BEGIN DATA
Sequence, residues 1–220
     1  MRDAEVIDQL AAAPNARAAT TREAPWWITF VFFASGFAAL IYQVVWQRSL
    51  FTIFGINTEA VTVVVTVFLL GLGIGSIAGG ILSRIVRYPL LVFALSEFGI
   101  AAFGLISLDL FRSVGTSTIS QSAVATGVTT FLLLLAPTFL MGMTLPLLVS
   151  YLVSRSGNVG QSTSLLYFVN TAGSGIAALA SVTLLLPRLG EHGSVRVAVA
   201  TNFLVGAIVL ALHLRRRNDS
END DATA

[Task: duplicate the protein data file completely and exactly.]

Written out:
Sequence, residues 1–220
     1  MRDAEVIDQL AAAPNARAAT TREAPWWITF VFFASGFAAL IYQVVWQRSL
    51  FTIFGINTEA VTVVVTVFLL GLGIGSIAGG ILSRIVRYPL LVFALSEFGI
   101  AAFGLISLDL FRSVGTSTIS QSAVATGVTT FLLLLAPTFL MGMTLPLLVS
   151  YLVSRSGNVG QSTSLLYFVN TAGSGIAALA SVTLLLPRLG EHGSVRVAVA
   201  TNFLVGAIVL ALHLRRRNDS